A Tennessee couple who haven't been able to have a baby and a Nashville medical professor who wants to help them yesterday urged the government to lift its moratorium on test-tube creation of human embryos.
This is "the only chance my husband and I have of having a child," pleaded 31-year-old Mrs. Dianne Grills.
She is one of scores of infertile American women who have told their doctors that they like Britain's Mrs. Lesley Brown - are eager to have a baby conceived in a laboratory.
James Gaither, chairman of a new federal advisory board named to consider the subject, said it may be next February before Dennis and Dianne Grills can expect any kind of answer.
Even then, he said at the first of two days of hearings, the 13-member Ethics Advisory Board that he heads will only make a recommendation to Health, Education and Welfare Secretary James A. Califano Jr.
The HEW secretary will make the final decision on ending what has been in effect a three-year ban on any federally funded efforts to join human sperm and human ova - female eggs - in the laboratory.
The ban applies whether the ova are fertilized for implantation of the resulting embryo in a prospective mother - as British doctors did for Mrs. Brown - or merely for observation and study of embryo growth.
Study is all that the Grills' medical counselor, Professor Pierre Soupart of Vanderbilt University, proposes to do until he feels resonably sure the resulting embryo will grow into a normal child. It is just this first step that he is asking HEW to finance at present. But he made it clear, in testimony at the National Institutes of Health yesterday, that he also wants to help Mrs. Grills and other like her have children as soon as possible.
"I could not conceive of a more ethical approach," he told the new advisory body as it began nationwide hearings and deliberations on the ethics of any test-tube conception and whether it would be safe for a child.
Soupart is only one of a number of American scientists who want to proceed with such research. But creating babies in the test has been attacked by some critics as a first step toward a future in which technology-mad governments could use such techniques for selective reproduction of submissive slaves or a superrace.
Test-tube fertilization also has been attacked because, in achieving it, doctors almost inevitably must discard some unsuitable embryos, even though they represent the beginning of life.
And, like Mrs. Brown's doctors, they would examine the baby during the pregnancy - 16 weeks or so after the three or four-day-old test-tube embryo is transferred to the mother - to seek any defects. If there were any, they would at least offer the mother the choice of abortion.
In a memorandum to the advisory group, Califano avoided such questions. But he ordered "the widest possible public involvement an debate," including "public hearings throughout the nation" on the many "serious moral and ethical questions."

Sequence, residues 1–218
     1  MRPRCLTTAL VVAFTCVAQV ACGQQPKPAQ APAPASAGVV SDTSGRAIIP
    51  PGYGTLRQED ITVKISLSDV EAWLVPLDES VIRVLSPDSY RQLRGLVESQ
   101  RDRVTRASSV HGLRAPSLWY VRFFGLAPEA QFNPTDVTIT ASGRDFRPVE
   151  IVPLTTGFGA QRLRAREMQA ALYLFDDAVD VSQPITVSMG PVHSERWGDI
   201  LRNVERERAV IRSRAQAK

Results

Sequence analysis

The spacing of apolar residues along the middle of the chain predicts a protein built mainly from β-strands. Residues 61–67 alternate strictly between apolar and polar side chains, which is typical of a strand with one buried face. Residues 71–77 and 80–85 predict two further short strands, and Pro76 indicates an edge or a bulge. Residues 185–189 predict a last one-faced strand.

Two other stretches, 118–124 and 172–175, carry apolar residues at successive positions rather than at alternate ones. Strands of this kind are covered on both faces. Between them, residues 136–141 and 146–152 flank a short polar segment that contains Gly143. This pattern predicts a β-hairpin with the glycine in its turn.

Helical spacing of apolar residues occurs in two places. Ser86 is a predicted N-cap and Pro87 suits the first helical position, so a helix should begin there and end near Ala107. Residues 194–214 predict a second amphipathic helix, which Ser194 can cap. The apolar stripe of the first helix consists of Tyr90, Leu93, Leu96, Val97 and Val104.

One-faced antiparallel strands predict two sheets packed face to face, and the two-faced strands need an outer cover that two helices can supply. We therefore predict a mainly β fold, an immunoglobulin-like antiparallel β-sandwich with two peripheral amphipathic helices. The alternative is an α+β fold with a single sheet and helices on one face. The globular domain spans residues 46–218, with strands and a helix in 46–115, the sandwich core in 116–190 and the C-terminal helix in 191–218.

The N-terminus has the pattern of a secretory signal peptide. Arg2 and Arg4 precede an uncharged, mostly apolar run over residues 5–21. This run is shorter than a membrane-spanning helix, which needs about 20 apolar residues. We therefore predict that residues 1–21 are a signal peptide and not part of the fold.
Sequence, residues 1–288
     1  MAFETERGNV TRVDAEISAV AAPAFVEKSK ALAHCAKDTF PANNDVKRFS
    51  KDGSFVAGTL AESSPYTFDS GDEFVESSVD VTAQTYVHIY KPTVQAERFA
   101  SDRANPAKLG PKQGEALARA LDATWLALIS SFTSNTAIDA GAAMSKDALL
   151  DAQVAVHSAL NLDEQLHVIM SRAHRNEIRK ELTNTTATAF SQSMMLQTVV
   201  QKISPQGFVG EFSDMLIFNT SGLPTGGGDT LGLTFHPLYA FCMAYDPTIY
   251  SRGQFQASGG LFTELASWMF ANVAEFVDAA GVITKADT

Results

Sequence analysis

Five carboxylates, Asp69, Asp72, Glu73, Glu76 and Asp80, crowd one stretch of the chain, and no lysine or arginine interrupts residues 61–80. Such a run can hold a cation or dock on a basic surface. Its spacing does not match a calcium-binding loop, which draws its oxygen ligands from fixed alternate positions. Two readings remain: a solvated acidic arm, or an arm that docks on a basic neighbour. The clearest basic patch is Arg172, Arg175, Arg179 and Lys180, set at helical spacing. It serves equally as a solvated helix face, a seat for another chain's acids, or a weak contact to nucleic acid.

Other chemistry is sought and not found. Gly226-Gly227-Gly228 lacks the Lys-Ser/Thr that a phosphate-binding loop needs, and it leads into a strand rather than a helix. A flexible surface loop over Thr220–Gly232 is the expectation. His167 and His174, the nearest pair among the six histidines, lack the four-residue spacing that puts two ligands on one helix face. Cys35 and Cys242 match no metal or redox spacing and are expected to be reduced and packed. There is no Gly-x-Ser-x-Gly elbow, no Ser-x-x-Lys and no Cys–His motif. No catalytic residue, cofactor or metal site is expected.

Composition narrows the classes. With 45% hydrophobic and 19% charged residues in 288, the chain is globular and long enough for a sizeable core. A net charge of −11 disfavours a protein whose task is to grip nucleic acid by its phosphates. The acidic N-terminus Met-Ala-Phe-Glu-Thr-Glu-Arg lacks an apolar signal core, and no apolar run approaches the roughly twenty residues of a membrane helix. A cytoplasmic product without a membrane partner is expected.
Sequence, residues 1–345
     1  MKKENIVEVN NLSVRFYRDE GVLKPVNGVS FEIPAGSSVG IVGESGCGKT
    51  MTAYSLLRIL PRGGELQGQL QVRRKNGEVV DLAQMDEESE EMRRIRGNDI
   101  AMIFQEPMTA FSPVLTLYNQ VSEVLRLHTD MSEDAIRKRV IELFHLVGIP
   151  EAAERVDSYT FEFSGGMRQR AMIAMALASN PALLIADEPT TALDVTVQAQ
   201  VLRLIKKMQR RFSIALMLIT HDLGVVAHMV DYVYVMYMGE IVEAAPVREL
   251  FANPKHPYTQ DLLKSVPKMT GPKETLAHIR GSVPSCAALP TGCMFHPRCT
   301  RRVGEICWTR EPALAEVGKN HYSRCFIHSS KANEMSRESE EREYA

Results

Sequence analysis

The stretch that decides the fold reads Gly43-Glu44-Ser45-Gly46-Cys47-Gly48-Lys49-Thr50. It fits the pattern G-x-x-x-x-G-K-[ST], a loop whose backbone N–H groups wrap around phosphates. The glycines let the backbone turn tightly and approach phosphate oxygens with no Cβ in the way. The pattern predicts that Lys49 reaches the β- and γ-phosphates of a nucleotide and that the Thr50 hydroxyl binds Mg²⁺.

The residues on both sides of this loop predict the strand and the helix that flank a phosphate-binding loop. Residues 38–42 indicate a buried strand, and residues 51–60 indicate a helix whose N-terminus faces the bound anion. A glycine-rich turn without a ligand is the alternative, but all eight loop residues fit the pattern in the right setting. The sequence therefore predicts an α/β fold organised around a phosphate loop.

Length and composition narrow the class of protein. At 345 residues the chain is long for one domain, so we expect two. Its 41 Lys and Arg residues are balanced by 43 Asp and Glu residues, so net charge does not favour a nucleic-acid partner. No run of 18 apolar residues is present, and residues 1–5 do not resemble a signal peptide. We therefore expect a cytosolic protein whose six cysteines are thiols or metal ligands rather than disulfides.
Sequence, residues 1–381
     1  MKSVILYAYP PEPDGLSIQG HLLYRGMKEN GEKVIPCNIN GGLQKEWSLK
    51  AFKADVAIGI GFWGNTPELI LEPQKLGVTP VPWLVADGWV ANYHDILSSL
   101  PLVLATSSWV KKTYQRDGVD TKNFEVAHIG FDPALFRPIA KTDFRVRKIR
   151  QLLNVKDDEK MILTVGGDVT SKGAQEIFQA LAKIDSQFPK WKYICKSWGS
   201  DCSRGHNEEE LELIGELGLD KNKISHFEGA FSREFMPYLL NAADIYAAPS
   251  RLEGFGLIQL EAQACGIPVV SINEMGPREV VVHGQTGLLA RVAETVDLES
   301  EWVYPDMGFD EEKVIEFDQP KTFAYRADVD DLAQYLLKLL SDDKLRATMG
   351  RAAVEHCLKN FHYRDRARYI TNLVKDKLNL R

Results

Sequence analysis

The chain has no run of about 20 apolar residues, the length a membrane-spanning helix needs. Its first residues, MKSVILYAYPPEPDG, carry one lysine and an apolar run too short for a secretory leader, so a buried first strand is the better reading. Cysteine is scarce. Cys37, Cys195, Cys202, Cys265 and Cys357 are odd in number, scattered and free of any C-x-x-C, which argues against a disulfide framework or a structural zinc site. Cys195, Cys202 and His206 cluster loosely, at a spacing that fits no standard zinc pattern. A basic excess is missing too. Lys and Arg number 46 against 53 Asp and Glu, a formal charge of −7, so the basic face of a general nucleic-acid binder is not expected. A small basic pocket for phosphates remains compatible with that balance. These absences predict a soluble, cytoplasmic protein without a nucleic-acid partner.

"Will this research lead to selective breeding," he asked, "to attempts to control the genetic makeup of offspring or to the use of 'surrogate parents,' where . . . rich women might pay poor women to carry their children?"
Dennis Grills, a Dupont chemical enginner who lives in a Nashville suburb, told the board test-tube fertilization promises "untold benefit to mankind," providing not only babies for infertile women like his wife, but knowledge that could lead to elimination of many birth defects.
Dr. John Biggers of Harvard Medical School said 560,000 American women may have faults of the fallopian tubes that prevent ordinary conception, as do Mrs. Brown and Mrs. Grills. He said nature itself discards or kills one developing child in every two, in the embryonic or fetal stages, mainly because of genetic defects.
Dr. LeRoy Walters, director of the Center for Bioethics at Georgetown University's Kennedy Institute of Ethics, said he "leans toward" the view that an embryo need not in scientific fact be regarded as a "human subject" until it is about 14 days old, the age at which it stops floating freely in the womb or its approaches and becomes attached to the mother.
Dr. Joseph Shulman of NIH also urged such research, and human application as soon as possible, since this work "has been paralyzed in the United States for three to four years" and "every year of further delay . . . confines thousands of couples to permanent infertility."
Dr. Luigi Mastroianni of the University of Pennsylvania, however, urged much more research in animasls befor human application.
Professor John Gorby of John Marshall Law School in Chicago, maintained that discarding unsuitable embryos would be murder, and Ted Howard of the Peoples Business Commission, a Washington-based group, announced a national campaign to prohibit "any and all 'test-tube baby' experiementation."